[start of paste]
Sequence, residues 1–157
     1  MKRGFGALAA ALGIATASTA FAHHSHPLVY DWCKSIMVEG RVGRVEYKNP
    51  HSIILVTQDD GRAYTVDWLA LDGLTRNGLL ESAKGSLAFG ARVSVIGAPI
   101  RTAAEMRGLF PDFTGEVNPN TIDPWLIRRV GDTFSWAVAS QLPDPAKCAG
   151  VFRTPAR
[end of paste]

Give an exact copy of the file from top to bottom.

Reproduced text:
Sequence, residues 1–157
     1  MKRGFGALAA ALGIATASTA FAHHSHPLVY DWCKSIMVEG RVGRVEYKNP
    51  HSIILVTQDD GRAYTVDWLA LDGLTRNGLL ESAKGSLAFG ARVSVIGAPI
   101  RTAAEMRGLF PDFTGEVNPN TIDPWLIRRV GDTFSWAVAS QLPDPAKCAG
   151  VFRTPAR